As demonstrated at the national mitigation conference, the science of wetlands continues to evolve.  We are continually improving how wetland restoration projects are implemented to ensure the development of functioning ecosystems and to better track the restoration progress. 

In the last thirty years of driving toward the Carolina coast, I have witnessed shifts in wetland systems due to beaver activity and saltwater intrusion.  These changes to wetland hydrology whether water quantity or water chemistry have changed these ecosystems.  Learning to implement holistic projects will help enhance the environment and protect communities with nature-based solutions.  As this evolution happens, a whole industry continues to grow around mitigation and ecosystem services and the push for alternative ways to lessen the impact of climate change and build resilient system to withstand the future.

Go explore a wetland!

Norton Webster, Treasurer

Carolina Wetlands Association

August Message from the Board

Greetings Wetland Supporters:

Summer is well upon us and so is work dealing with wetlands.  One such event was the National Mitigation and Ecosystem Banking Conference that was held in Raleigh, NC in July.  Mitigation and ecosystem banking is very important to maintain and increase the quality and quantity of wetlands across the United States.

First, impacts to wetlands due to development must be permitted by the state and federal regulatory agencies with the goal to avoid and minimize wetland impacts. When impacts can’t be avoided, the impacted wetland areas must be replaced or mitigated in size and function preferably in the same watershed.  Mitigation normally takes the form of restoration or creation.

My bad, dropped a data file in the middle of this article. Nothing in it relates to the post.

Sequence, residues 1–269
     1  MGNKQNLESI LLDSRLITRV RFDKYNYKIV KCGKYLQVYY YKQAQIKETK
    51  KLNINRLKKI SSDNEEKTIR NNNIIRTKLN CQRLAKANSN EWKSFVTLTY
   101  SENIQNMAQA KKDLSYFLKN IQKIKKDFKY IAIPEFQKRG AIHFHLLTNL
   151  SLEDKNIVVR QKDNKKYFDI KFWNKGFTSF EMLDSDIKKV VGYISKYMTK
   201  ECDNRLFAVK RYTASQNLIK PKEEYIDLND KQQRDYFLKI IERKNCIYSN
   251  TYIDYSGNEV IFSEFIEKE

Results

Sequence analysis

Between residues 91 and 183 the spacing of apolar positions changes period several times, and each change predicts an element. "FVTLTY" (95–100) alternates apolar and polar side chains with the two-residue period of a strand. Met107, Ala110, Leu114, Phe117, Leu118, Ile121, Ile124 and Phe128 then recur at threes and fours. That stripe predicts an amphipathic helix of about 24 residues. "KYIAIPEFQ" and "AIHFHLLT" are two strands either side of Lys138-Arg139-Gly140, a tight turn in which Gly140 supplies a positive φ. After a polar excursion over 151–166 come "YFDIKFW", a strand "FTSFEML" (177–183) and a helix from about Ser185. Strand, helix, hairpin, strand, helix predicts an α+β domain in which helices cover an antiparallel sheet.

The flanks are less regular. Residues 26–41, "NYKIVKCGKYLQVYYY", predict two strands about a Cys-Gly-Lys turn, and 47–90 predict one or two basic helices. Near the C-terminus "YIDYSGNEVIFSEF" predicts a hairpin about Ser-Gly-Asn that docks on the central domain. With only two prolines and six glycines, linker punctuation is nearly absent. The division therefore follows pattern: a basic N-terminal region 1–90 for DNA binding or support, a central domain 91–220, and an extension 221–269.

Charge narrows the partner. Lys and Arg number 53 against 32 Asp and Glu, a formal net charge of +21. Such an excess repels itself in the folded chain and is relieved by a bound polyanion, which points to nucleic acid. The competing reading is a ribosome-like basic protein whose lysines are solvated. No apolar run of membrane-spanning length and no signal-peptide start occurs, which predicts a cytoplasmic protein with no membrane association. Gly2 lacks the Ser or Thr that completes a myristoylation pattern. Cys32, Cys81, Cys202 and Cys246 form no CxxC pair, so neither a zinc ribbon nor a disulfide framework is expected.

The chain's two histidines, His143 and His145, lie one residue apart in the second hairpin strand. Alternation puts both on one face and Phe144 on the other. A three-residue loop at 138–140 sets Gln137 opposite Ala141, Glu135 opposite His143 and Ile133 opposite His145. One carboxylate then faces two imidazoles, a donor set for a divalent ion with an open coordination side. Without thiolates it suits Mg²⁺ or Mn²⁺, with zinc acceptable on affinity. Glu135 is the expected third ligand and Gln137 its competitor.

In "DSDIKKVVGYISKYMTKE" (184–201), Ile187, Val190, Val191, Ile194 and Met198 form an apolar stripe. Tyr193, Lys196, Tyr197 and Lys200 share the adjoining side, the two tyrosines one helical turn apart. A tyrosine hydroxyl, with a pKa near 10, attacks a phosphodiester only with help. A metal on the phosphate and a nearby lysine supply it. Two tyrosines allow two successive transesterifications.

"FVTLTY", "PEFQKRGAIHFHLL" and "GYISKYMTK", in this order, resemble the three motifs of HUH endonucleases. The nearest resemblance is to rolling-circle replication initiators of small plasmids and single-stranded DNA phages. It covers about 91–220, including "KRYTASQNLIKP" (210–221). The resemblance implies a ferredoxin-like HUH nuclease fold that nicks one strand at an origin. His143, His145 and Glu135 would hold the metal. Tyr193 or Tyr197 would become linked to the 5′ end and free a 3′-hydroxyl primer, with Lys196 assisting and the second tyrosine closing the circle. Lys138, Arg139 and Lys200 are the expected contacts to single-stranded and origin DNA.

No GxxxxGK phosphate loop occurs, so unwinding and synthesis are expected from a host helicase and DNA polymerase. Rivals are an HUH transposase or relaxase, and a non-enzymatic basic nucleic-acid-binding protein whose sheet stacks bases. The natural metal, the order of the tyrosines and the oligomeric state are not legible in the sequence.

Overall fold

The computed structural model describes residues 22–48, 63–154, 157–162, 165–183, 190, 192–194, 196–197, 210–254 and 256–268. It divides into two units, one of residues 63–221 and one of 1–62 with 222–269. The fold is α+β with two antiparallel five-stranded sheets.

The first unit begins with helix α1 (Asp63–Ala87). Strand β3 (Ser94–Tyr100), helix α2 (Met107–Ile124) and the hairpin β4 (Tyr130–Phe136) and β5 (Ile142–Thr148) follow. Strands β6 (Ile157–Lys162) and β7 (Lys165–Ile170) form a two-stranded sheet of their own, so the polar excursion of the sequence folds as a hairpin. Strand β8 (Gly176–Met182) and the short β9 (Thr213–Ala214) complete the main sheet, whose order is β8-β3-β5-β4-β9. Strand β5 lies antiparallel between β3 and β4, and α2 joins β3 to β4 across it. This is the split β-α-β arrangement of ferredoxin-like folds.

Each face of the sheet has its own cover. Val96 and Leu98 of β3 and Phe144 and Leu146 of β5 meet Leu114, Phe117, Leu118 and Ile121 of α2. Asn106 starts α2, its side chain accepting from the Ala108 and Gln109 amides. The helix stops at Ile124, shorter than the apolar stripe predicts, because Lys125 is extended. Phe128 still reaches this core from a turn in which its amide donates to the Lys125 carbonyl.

• Creating a wetland means putting a wetland where one had not previously existed, and this is the most complex way to mitigate wetland impact.
  • Restoration means taking a damaged or degraded wetland and turning it back to a high functioning, high quality. Restoration can take on many forms such as improving or restoring hydrology (such as plugging ditches on the coast), planting native wetland vegetation, and connecting wetlands to other wetlands such as a salt marsh to the ocean.

So, what is ecosystem banking?  First ecosystems are more than wetlands and streams so what else may be mitigated?  There are some localities in the US where there are local ordinances that require impacts to entire ecosystems must also be mitigated.  There is such an ordinance in Hilton Head Island, SC.